FIL Slammed After He Blames SIL For Ruining His Son And Gets Proven Wrong About Knowing Him
While stereotypes are rarely positive and good, they are to some extent, even if it’s a little, true, albeit twisted by a dark sense of humor and hyperbolization. And today’s story is a bit of a testament to this.
A Redditor recently shared about an entitled father-in-law who represents the stereotypical reason why most offspring-in-law don’t really like their parents-in-law. But it also serves as a reminder that in-laws are not all-powerful and hence, if they get out of line, like any other person on this planet, karma will rain upon them and hopefully it will be a transformational experience.
More Info: Reddit
Life can be unfair sometimes, like if folks don’t really have a father figure in their lives, or, worse, have one but he’s just no
Image credits: Kindel Media (not the actual photo)
Luckily, they can have a very loving husband like the one in today’s story who proved to his FIL he doesn’t know his son
Image credits: Nicola Barts (not the actual photo)
Image credits: SerenePhoenix89
In the end, there was a huge fallout, but it did put things into perspective and showed hubby who truly loved him
Image credits: Alex Green (not the actual photo)
The story goes that OP, Reddit user u/SerenePhoenix89, and his hubby try their hardest to minimize their time with the father-in-law, hubby’s dad. The reason behind this is that he’s a “cowardly narcissist” who can’t take no for an answer. Besides that, he wasn’t the best of father figures, so you can fill in the blanks. The couple has war stories to tell.
Anywho, the couple was on their quarterly visit and the husband was super excited to talk about this new job he landed. MIL was all in, but FIL couldn’t keep a conversation longer than two seconds if wasn’t a conversation he wanted to partake in. It started to escalate when FIL kept trying to change the subject and both MIL and hubby snapped, throwing out the Spanish equivalent of shut the full cup. Soon after, they stormed out, leaving OP and FIL awkwardly sitting at the table.
The period of social discomfort was broken by FIL’s accusation that OP ruined his son. He kept it calm, witty, and sarcastic. FIL came back with a “you changed him” and this was the start of his demise. You see, his son was always who he was, just that the dad never took a genuine interest in him. This led to a game of 20 Questions (3, really) that proved just how out-of-touch FIL was. It all spiraled into even more conflict.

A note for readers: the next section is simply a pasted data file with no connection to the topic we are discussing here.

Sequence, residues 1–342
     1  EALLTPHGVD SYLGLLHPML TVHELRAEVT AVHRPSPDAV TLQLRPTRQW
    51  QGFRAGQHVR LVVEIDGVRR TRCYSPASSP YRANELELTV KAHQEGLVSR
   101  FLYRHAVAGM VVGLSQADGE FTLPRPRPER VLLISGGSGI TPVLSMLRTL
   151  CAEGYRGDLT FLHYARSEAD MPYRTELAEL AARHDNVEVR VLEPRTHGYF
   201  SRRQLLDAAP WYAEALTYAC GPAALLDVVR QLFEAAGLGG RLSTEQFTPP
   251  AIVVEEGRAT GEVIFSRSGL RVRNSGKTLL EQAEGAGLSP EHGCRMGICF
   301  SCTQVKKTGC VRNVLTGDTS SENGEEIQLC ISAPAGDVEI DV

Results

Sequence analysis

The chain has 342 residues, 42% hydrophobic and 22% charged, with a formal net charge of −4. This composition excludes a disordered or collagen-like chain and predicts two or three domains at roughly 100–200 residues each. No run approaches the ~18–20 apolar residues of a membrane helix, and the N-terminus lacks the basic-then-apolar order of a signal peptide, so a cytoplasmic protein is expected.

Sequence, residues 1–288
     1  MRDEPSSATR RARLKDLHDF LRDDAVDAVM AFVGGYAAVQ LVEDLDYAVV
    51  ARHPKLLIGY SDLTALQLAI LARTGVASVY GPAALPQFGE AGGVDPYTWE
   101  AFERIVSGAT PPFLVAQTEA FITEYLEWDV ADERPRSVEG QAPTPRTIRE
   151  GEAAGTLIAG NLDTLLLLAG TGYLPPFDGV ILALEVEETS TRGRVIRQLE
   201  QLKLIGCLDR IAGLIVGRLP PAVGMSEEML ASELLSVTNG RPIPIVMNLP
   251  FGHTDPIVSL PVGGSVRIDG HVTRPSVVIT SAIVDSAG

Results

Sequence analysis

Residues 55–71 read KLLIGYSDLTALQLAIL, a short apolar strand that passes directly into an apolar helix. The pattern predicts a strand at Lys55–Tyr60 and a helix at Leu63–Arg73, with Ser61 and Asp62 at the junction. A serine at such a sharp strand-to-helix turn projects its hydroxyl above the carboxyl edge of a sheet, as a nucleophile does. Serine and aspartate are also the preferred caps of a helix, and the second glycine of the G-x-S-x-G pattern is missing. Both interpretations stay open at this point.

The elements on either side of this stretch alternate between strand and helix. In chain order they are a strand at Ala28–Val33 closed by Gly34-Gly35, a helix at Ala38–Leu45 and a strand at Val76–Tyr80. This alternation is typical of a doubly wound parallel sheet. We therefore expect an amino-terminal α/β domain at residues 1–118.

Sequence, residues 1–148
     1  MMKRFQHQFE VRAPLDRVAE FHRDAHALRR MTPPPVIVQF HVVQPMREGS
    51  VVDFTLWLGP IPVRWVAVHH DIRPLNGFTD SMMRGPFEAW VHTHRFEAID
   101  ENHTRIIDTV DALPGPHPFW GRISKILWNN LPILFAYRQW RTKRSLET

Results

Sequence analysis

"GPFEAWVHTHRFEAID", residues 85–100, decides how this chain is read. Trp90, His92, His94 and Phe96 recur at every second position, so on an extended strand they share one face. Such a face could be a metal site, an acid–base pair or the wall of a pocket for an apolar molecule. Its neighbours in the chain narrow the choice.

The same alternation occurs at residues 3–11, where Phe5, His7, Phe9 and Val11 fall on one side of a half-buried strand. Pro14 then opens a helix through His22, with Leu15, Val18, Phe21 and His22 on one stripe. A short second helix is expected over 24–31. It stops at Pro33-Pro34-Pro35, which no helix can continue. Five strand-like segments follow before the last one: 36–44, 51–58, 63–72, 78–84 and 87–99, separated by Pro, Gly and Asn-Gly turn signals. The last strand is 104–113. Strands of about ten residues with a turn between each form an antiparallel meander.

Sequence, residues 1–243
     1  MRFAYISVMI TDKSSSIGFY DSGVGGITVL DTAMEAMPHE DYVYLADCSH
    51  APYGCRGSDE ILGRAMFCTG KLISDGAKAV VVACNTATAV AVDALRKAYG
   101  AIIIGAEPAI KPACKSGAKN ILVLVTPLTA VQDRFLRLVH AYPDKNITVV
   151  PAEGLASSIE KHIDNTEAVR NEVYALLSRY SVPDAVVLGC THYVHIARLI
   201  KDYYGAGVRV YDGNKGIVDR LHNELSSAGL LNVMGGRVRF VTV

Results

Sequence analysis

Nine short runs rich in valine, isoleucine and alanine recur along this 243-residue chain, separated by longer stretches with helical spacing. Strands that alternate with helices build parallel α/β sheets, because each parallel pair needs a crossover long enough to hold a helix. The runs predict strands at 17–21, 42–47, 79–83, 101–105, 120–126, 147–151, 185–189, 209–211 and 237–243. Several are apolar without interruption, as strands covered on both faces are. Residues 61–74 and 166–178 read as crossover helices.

To add insult to injury, OP’s parents could’ve answered all of these in a heartbeat. Needless to say, the hubby is now contemplating going no-contact with the dude. And OP can’t blame him.
Image credits: RDNE Stock project (not the actual photo)
The story was hot on the subreddit, and folks applauded OP for his witty comebacks and verbal tactics. The post got 6,400 upvotes with a 97% upvote ratio.
While saying hot dog unironically was met with mostly positive emotions, folks said that everything else with the dad was just plain wrong. A number of comments hoped that this entire experience only means that appropriate social distancing measures will be put in place, as quarterly is a quarter too much.
Others gloomed in the fact that, alas, these sorts of people are out there in the world, and one commenter pointed out the amount of such folk they’ve met are out-of-control disproportionate to the regular population. Even sadder is their experience that, more often than not, these are also the kinds of people most admire at face value.
And yet others related to the situation. Some don’t refer to their dads as fathers at this point, instead opting for more realistic terms like sperm donor. These commenters were also all in favor of OP and his hubby breaking contact with the dad—“FIL won’t be happy but his attention-seeking, narcissistic behind can get over it.”
Image credits: Polina Zimmerman (not the actual photo)
The National Fatherhood Initiative, an organization aimed at researching, providing and educating on all things fatherhood, including programs, resources, and training, claims that there is a fatherly absence crisis in the US right now. Roughly 18.4 million children are without a biological, adoptive or step-father—that’s 1 in 4 kids out there.
Living without a dad is associated with a slew of various risks for the kids. Kids who grew up without a dad are more likely to have behavioral problems, more likely to commit crimes and go to prison, more likely to face abuse and neglect, more likely to abuse alcohol or do drugs, and are at a 4 time greater risk of poverty.
If a dad is involved, however, this means a reverse risk of the above, plus a significantly reduced chance of obesity, teen pregnancy, and suicide. And if you do happen to be living without a dad, take it from @cherdleys, who posted a very heartwarming POV video of a dad who loves you.
And you can spread even more love in the comment section below, because why be bitter about everything if you can make somebody’s day with just one positive remark?